Monday, May 17, 2010

What can we learn from the hawk?

photo by Pam Tremble (see the rest of this photo shoot here)

This morning on my drive to work I saw a hawk sitting atop a road sign - majestic and stalwart - surveying the land for breakfast, no doubt.  He was just minding his own business, not bothering anyone. When suddenly two small birds swooped up behind him and began to attack. The smaller birds kept pecking at the larger bird relentlessly, swooping down - peck, peck, peck - flying off and circling back around - peck, peck, peck.  Those two small birds were incessant in their attack.  But the large hawk continued to sit majestically on his morning perch, ignoring the pecking, not letting it bother him at all.  The hawk just stood strong in the face of adversity and was proud of who he was, despite the hatred and harassment shown by the two small birds.

What can we learn from the hawk?

As morbidly obese people we are often sneered at or teased or looked down upon by those who have never struggled with their weight. And later as we become the person who had "the surgery" we are faced with the uneducated remarks that we took the easy way out. And then when we lose massive amounts of weight, we're left with saggy skin that is unsightly and may invite comments or judgement from those who don't understand our situation.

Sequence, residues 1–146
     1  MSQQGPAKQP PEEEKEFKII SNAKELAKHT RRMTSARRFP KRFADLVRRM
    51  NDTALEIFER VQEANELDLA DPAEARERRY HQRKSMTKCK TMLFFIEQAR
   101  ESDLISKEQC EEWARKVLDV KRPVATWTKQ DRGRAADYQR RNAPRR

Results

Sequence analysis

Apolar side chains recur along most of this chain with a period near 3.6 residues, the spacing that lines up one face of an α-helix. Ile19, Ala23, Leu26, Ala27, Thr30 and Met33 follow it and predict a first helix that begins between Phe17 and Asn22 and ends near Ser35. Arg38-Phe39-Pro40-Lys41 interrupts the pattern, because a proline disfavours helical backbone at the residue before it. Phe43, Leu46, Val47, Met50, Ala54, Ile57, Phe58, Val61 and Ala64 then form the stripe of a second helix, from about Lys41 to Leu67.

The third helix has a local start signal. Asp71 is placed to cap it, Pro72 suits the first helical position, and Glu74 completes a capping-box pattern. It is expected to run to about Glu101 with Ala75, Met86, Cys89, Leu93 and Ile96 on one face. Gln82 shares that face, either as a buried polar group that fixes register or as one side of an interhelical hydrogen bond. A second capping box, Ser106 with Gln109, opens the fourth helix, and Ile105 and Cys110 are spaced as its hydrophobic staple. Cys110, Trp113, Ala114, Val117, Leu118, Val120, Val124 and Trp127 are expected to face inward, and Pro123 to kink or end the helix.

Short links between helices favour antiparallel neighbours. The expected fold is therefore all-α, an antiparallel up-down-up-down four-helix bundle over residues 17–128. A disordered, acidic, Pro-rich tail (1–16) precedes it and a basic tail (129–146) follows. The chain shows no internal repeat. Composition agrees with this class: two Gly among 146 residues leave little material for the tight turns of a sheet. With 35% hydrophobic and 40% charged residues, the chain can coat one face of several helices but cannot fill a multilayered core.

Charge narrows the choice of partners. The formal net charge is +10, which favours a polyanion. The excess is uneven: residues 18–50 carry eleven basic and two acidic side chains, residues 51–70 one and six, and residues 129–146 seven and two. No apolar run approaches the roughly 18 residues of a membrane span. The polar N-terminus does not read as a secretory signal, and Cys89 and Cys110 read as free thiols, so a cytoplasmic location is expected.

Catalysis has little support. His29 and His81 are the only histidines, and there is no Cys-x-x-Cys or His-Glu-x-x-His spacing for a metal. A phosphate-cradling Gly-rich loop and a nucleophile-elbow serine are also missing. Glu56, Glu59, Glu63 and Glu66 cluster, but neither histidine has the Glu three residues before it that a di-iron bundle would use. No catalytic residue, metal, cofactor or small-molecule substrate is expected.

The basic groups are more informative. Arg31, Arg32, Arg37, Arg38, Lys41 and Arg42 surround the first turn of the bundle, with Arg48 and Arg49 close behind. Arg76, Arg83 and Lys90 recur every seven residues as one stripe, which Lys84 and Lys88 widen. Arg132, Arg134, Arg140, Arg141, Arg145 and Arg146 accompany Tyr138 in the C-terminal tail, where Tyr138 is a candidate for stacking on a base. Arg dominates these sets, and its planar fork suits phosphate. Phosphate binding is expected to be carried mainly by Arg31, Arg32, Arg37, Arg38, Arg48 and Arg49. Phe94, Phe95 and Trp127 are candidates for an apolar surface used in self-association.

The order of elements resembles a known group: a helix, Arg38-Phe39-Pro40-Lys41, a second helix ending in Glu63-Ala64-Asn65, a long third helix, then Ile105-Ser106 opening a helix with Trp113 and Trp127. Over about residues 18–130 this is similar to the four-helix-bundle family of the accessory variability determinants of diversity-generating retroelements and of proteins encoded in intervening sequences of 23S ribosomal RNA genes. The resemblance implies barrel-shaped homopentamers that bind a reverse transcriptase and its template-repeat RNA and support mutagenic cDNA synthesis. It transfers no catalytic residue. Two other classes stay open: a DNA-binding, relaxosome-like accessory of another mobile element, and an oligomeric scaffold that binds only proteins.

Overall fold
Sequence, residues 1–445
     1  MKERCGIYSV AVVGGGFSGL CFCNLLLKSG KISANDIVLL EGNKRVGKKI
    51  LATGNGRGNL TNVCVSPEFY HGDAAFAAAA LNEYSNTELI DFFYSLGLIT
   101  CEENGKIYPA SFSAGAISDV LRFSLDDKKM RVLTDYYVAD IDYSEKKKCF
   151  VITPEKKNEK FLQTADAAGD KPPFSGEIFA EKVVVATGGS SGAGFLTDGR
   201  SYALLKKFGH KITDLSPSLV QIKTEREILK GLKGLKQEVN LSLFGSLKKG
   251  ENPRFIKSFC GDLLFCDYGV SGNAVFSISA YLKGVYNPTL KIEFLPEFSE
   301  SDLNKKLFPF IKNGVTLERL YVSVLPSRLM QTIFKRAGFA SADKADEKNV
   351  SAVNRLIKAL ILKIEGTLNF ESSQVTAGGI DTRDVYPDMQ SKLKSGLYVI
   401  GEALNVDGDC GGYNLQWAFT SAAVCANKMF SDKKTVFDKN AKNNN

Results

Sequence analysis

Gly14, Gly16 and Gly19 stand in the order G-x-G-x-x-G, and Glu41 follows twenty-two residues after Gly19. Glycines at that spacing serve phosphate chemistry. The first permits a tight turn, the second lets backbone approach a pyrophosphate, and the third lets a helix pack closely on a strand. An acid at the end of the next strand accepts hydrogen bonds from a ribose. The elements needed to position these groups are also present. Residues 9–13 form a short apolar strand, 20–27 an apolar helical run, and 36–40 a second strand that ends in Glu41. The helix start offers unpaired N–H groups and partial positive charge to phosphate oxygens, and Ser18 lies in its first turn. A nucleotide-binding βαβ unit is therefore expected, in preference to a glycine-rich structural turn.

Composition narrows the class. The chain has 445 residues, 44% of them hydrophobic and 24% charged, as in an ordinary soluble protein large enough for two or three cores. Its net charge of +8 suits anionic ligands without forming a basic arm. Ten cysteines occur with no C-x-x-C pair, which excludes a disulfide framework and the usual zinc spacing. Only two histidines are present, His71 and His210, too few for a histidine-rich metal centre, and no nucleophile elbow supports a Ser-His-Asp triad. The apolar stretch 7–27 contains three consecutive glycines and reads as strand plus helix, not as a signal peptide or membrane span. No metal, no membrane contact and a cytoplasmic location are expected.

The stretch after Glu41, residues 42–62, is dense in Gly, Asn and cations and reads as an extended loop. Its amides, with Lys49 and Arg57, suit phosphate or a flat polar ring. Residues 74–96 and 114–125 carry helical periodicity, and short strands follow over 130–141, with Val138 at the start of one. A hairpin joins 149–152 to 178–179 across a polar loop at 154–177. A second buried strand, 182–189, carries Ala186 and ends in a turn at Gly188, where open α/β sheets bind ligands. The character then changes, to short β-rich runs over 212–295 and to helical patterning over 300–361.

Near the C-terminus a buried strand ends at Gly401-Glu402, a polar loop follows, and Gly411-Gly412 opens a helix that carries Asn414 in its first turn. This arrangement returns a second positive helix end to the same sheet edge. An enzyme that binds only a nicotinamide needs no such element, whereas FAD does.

When we are attacked, instead of cowering under the mean comments or succumbing to the emotional, physical or psychological attacks -- we can take the lead of the hawk and stand strong and be proud of who we are in the face of adversity. The hawk does not let the small attacking birds determine his self worth, his mood or his majestic self assurance - the hawk is secure in knowing who he is.  So too should we.

PS - for information about why birds do this, here's an interesting (and funny) article. In the bird watching community, this behavior is called "mobbing."


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